Musical instruments that were once glorified and held in high esteem by musicians and audiences alike are gleaned for their parts and reimagined to become the raw material for my exhibition Resampled & Rearranged.
As a culture, we have assigned great significance to musical instruments, awarding the piano the highest position. But what happens when a piano is broken and no longer playable? Once beautiful and masterful, these instruments have been discarded at the dump or left on the street in the rain.
And yet, even at the dump, when I take one apart, onlookers are dismayed. We have assigned meaning to these objects, so what happens when they have lost their value as instruments? Even in their brokenness, our connection runs deep. The dichotomy of what they were and what they are now is at play. The “aura” in what remains is what I find most fascinating.
I want the viewer to see beneath the layers—to see what piano strings look like, since most people have never seen them outside of a piano. The patina of age, the “blue” they turn from corrosion, is beautiful.
Resampled & Rearranged orchestrates my love for these objects, for what they once were and for what remains. Perhaps the repurposing of their broken parts—made whole and new again in a different way—not only reveals their infinite possibilities, but also functions as an act of healing and unity in today’s divisive times. It is also an exploration in rearranging and in finding a new story… whimsical, serious, or simply a different way of seeing.
Now showing at Hartnell College Gallery
Up thru April 15th.
For gallery hours call 831-682-0845
Two-piano Duo, Ernest and Henry 2019
Piano pin board, piano strings, photograph of pianists; Ernest and Henry
Ernest and Henry were brothers born in Eureka, Ca. They had no interest in going to school or playing baseball with other children. Their one desire was to perform duets on the two grand pianos in their grandmother’s Victorian Mansion. It is rumored that their father mysteriously went missing after becoming angry and insisting they go to school.
Violin case, piano keys, guitar strings, piano hammer, various found parts and vintage Dreamland ticket.
Dancehalls were popularized on the Barbary Coast in San Francisco during the gold rush days, those days of the Wild West. Girls in the halls came to be known as, “Taxi dancers.” For 10 cents, men could buy a dance ticket. Women were commissioned on the number of tickets they collected from dancing as well as the number of drinks they could persuade the men to purchase.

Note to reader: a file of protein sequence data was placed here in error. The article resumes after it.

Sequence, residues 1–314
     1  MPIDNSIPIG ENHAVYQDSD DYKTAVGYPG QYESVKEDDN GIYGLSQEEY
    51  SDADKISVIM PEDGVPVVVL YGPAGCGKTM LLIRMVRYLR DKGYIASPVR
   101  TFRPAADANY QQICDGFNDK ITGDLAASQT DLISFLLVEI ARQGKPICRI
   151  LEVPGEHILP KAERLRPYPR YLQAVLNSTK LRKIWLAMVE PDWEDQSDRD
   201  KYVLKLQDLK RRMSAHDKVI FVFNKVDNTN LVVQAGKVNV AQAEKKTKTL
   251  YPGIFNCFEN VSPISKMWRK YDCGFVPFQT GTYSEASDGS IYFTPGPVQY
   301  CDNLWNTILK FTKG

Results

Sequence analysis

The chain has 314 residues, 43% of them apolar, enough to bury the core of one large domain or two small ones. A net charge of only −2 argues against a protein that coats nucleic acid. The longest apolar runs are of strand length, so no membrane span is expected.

Dreamland was a dancehall that later opened on 5th and Main Street in Los Angeles, after the owners visited the dancehalls in San Francisco.
In 1930 Richard Rogers wrote a song titled, “Ten Cents a Dance,” that was recorded by Ethel Merman, Doris Day, Ella Fitzgerald and others over the years.
Waltzing Matilda is dedicated to the taxi dancers, often struggling to make ends meet, and to Tom Waits, who sings a wonderful rendition of Waltzing Matilda.
Coronet, piano parts
In The Round
Two sets of piano pedals
Installation of funnel and cassette tapes
High Fidelity Boom Boom box 1 and box 2, High Fidelity Listening Chair
Parts from pipe organ, cotton covered electrical wire, vintage paper speakers and metal posts.
Piano board used for seat and back of chair, pipe organ parts as arms and sides of chair, vintage headset, metal legs.
Calvary Church in Santa Cruz had to get rid of their pipe organ so a new one could be built in its place. Artists were called to take parts of the old pipe-organ and create something new. These High Fidelity pieces have been made using those pipe organ parts.
Cassette tapes, cassette screws and parts on wood
Hill and Dale recording for Trimpin
Piano strings, metal disc, motor, flour, tar paper